Background: Tissues are valuable specimens in diagnostic microbiology because they are often obtained by invasive methods, and effort should thus be taken to maximize microbiological yield. The objective of this study was to evaluate the added value of using tissue pre-processing (tissue homogenizer instrument gentleMACS Dissociator) in detecting microorganisms responsible for infections.
Methods: We included 104 randomly collected tissue samples, 41 (39.4 %) bones and 63 (60.6 %) soft tissues, many of those (42/104 (40.4 %)) were of periprosthetic origins. We compared the agreement between pre-processing tissues using tissue homogenizer with routine microbiology diagnostic procedure, and we calculated the performance of these methods when clinical infections were used as reference standard.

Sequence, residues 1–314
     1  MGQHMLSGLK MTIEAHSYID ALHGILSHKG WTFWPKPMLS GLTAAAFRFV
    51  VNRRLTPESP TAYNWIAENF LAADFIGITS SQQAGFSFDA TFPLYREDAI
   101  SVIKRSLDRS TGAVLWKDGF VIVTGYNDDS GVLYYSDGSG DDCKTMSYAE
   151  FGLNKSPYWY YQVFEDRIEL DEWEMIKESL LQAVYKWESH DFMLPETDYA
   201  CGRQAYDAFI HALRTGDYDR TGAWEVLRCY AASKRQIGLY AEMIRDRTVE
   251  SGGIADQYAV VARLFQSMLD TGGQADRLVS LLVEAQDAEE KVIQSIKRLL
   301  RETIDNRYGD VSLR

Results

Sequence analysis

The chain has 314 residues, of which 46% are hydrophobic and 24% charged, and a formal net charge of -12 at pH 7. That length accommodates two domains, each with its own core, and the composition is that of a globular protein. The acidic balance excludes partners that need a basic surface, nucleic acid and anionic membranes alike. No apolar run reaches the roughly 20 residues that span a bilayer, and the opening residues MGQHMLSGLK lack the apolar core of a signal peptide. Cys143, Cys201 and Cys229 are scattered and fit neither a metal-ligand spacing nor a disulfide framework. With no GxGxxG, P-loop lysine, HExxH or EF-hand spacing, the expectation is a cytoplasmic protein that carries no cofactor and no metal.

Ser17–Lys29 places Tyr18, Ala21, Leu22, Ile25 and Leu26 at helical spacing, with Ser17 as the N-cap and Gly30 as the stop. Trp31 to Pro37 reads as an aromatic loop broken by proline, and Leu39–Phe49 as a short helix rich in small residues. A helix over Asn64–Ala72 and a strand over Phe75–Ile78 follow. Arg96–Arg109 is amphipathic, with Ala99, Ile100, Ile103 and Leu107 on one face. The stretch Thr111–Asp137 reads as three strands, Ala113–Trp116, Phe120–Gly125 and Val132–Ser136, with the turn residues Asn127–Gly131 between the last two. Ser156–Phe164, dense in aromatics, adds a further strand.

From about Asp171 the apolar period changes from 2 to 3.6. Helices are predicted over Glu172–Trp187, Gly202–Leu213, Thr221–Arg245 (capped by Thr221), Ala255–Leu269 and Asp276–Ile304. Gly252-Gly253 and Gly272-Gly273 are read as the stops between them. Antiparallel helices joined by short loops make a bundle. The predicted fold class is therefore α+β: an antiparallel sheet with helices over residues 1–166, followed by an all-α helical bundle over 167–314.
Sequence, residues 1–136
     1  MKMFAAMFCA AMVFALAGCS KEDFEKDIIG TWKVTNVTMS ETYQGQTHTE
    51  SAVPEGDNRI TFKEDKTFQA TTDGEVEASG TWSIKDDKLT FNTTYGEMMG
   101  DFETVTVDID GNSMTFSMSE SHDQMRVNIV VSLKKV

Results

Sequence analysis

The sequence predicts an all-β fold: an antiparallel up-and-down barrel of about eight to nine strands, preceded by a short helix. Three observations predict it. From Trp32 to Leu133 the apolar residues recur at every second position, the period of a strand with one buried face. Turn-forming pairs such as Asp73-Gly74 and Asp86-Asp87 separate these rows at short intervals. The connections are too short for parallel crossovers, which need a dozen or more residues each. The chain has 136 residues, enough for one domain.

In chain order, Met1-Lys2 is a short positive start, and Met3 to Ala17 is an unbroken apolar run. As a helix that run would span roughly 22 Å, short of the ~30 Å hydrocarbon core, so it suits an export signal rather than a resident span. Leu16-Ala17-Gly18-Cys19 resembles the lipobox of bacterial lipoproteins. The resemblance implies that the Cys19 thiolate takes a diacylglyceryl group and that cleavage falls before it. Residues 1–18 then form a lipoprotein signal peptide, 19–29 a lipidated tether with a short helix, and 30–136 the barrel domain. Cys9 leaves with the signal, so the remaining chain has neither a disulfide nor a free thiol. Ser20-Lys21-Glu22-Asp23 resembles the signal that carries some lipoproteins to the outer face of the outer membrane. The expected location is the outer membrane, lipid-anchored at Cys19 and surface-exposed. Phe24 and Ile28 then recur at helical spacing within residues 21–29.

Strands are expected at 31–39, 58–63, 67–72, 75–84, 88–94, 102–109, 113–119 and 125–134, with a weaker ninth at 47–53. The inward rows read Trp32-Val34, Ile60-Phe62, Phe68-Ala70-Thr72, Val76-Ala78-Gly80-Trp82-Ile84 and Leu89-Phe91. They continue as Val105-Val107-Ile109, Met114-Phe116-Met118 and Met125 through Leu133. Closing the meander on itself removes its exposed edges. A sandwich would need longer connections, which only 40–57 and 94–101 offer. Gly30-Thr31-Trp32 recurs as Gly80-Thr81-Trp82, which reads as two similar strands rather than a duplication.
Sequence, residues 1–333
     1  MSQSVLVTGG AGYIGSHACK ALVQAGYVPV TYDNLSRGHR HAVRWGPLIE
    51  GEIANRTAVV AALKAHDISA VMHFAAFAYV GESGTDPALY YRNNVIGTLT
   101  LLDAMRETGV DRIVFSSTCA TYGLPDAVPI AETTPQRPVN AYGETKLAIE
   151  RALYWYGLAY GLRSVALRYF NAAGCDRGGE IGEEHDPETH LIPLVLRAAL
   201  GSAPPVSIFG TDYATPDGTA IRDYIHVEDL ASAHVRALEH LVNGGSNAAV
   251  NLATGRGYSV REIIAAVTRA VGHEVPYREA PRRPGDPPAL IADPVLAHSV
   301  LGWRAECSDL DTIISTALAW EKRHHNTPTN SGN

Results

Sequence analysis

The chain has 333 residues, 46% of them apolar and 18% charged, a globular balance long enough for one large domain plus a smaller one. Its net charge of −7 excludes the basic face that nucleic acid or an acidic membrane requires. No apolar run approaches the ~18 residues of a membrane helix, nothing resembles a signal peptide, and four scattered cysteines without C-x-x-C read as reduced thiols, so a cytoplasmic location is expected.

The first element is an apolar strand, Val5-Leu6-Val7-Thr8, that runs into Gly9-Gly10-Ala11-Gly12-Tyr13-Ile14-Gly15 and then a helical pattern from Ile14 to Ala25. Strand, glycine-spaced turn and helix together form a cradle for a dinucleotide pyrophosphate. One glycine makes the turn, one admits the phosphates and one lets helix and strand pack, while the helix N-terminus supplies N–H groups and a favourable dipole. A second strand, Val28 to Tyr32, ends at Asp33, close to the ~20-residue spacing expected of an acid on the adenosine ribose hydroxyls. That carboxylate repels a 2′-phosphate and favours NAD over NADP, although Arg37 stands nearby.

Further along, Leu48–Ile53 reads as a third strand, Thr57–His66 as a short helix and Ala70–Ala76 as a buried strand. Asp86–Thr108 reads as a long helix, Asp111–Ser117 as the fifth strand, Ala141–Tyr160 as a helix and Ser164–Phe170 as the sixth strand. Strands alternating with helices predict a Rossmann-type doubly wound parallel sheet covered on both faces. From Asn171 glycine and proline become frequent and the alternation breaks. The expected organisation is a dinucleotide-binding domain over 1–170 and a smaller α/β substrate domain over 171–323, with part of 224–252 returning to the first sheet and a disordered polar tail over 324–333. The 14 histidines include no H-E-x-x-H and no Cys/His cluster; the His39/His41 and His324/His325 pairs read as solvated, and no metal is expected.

Results: There was no significant difference between the two methods (McNemar test, p = 0.3). Among the positive culture using both methods (n = 62), 61 (98.4 %) showed at least one similar microorganism. Exactly similar microorganisms were found in 42/62 (67.7 %) of the samples. From the included tissues, 55/ 104 (52.9 %) were deemed as infected. We found that the sensitivity of homogenized tissue procedure was lower (83.6 %) than when tissue was processed using tissue homogenizer (89.1 %). Sub-analysis on periprosthetic tissues and soft or bone tissues showed comparable results.
Conclusions: The added value of GentleMACS Dissociator tissue homogenizer is limited in comparison to routine tissue processing.
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© 2021, The Author(s).